Trading Places: A Canadian Graduate turns up the heat on an Australian secondment
Wednesday, 21 August, 2019
Tetra Tech Graduate Patrick Lynch recently escaped the cold Canadian Winter to broaden his passion for taxonomic structure of soil and graminoid species. Settling in amongst the friendly Brisbane Ecology team to support fieldwork and reporting, the secondment has provided a clear perspective of what a career in environmental consulting could potentially involve, and most certainly piqued Patrick’s interest. However, there were a few unexpected ‘adjustments’ involved in relocating to the other side of the world…
In the first week Patrick walked the ELA office halls near-blind after losing his glasses out on a paddleboard session with his newfound adventurous Brissy colleagues. He found the plant and animal species here in Oz unlike anything he had ever seen before, proving challenging to identify, thus countlessly calling on his co-workers for help. Learning how to four-wheel drive in the Australian Bush was an essential on the job training requirement that he describes as “an amazing experience”. And he was astonished by his colleagues who thrive working in the heat (which Patrick explains as the “sweatiest [he] has been in all his life”), and was impressed by their use of mind boggling Aussie colloquial language in the office.
After graduating with a Diploma in Environmental Assessment and Restoration from Lethbridge College in 2016, Patrick moved into a Supervisory role for the Manitoba Governments Forestry and Peatland Management department. After 3 years he decided to leave his potential career in forestry to pursue a career in environmental consulting.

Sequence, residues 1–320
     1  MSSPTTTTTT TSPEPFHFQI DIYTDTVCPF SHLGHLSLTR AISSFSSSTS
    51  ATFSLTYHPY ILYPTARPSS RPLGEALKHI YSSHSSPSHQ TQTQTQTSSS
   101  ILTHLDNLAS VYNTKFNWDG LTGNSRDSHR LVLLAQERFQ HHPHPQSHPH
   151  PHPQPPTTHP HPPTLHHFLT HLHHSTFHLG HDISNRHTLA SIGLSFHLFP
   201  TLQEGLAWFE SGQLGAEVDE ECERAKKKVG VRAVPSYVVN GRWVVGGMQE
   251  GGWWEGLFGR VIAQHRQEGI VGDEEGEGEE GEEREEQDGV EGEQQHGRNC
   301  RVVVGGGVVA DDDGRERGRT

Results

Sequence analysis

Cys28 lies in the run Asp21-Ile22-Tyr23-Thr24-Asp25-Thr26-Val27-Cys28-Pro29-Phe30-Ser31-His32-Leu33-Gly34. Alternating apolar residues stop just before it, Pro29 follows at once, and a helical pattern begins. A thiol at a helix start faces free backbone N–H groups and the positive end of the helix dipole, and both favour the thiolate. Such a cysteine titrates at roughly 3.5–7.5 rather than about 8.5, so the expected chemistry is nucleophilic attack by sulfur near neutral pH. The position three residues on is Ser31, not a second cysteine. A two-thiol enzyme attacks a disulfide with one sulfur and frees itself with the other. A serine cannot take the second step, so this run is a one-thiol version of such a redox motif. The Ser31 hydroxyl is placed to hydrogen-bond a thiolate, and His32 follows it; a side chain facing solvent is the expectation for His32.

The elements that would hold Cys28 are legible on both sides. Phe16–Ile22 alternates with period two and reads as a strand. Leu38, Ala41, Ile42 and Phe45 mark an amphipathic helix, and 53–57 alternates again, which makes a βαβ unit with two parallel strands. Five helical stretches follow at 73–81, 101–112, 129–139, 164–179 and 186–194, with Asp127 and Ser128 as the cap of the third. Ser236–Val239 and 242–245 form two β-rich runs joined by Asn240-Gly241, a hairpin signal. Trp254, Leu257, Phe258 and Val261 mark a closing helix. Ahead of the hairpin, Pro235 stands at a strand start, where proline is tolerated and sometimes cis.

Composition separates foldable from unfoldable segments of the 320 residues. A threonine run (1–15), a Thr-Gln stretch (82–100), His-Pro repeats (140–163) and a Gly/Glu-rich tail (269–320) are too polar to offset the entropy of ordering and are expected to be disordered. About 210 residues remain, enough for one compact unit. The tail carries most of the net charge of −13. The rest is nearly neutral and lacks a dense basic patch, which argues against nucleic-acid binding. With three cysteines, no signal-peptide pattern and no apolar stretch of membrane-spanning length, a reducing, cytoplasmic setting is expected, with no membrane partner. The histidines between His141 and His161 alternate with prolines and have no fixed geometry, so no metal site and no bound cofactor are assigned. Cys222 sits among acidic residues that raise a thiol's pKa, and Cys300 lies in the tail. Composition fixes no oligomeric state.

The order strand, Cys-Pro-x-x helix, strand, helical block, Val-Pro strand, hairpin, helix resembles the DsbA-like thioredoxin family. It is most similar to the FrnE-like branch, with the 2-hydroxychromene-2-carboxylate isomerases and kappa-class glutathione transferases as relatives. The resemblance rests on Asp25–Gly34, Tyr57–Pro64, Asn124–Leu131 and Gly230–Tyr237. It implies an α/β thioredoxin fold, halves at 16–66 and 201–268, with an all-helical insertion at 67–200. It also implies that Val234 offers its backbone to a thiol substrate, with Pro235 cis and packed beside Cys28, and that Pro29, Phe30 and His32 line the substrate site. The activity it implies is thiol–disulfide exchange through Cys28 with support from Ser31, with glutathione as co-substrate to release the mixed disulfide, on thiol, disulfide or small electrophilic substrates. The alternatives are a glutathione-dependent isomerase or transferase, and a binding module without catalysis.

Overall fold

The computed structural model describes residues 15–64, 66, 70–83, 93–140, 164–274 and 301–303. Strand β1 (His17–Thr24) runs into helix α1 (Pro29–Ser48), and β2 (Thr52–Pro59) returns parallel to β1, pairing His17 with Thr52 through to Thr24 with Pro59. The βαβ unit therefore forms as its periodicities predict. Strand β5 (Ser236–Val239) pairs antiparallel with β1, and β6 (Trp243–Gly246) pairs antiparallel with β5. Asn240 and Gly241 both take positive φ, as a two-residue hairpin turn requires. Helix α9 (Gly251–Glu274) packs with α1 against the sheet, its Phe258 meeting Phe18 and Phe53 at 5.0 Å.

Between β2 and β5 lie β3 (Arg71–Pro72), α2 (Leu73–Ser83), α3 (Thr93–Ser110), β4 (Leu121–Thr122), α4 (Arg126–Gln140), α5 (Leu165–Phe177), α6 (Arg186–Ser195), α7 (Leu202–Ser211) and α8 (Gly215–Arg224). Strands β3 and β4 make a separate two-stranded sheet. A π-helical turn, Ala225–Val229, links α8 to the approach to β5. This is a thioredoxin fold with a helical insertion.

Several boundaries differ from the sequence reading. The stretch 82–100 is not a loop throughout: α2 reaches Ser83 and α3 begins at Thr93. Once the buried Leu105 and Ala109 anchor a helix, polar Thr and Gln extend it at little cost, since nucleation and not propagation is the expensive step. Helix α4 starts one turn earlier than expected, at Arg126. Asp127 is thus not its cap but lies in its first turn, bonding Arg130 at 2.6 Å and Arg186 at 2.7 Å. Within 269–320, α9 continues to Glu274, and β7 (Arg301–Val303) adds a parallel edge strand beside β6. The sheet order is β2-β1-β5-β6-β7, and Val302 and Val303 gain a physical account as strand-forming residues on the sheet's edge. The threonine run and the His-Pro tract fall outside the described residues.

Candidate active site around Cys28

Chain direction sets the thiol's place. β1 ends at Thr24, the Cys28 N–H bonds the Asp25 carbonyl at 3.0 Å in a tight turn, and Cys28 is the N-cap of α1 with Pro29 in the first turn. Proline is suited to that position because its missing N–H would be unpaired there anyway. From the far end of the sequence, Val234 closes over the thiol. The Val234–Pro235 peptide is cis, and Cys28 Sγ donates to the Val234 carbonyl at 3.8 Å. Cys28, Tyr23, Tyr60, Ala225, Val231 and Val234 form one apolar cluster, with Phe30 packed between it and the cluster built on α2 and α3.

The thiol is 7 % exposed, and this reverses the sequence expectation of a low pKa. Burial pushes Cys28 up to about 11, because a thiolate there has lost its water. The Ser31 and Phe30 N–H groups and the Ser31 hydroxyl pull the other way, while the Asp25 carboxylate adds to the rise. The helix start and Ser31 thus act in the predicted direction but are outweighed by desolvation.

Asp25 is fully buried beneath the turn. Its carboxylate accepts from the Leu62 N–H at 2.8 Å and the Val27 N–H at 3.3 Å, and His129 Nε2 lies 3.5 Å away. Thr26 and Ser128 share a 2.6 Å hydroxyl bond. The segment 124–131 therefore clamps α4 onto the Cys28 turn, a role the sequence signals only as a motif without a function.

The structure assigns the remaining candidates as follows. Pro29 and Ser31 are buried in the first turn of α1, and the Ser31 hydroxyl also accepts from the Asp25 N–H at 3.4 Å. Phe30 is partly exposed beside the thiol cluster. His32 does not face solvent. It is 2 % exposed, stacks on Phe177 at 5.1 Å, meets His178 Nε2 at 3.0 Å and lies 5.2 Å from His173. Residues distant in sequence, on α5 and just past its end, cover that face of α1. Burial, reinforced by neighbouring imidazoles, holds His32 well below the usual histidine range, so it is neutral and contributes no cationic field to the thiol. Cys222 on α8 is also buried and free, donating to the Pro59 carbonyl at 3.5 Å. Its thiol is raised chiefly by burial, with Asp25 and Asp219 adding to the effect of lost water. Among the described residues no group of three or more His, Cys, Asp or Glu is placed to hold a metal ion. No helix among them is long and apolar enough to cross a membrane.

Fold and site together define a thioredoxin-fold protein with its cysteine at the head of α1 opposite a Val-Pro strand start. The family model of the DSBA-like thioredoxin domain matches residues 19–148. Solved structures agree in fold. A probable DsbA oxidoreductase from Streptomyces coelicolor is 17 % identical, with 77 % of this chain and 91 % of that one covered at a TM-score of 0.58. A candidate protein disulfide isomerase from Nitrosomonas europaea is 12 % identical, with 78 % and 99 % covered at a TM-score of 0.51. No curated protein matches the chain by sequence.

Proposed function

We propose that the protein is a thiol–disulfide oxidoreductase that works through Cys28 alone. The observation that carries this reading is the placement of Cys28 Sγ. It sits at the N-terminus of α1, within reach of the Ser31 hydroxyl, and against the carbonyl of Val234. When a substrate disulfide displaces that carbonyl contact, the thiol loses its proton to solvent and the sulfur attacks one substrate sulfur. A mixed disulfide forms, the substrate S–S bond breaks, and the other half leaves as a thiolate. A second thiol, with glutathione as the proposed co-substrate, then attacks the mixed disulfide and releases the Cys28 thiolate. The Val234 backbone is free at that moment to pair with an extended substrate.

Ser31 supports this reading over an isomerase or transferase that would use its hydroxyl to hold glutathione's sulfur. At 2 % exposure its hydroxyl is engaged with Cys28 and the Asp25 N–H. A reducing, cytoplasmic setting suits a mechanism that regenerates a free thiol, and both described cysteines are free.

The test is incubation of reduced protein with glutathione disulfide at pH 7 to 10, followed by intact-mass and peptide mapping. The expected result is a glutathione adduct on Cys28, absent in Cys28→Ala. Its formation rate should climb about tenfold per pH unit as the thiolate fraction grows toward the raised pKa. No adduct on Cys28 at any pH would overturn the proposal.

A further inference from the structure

And with the change of heart came a move to the other side of Canada to take on a Graduate opportunity with Tetra Tech as Junior Environmental Technologist. In this role back in Canada, Patrick worked across a variety of projects, such as testing for residual hydrocarbons associated with ASTs in the Northwest Territories, monitoring ground water associated with SAGD in situ oil production, and construction monitoring for pipeline replacement projects.
Since joining ELA here in Australia, Patrick has relished the opportunity to be involved in a variety of projects. He tells us that the highlights at ELA have been walking through Toohey Forest to assess significant trees, holding green turtles, spending 3 weeks on the Saraji mine in Bowen Basin, and being chauffeured on a personalised Brisbane tour by fellow Ecologists upon first arriving in Oz (special mention of the Australian care package gifted by the team, pictured below).
Looking beyond the secondment, Patrick is looking to further his career through continuing his employment with Tetra Tech and obtaining a Bachelor degree and a professional agrologist designation. He insists on maintaining the strong relationships he has built with the Brisbane Ecology team and hopes to one day return to Australia in his own time.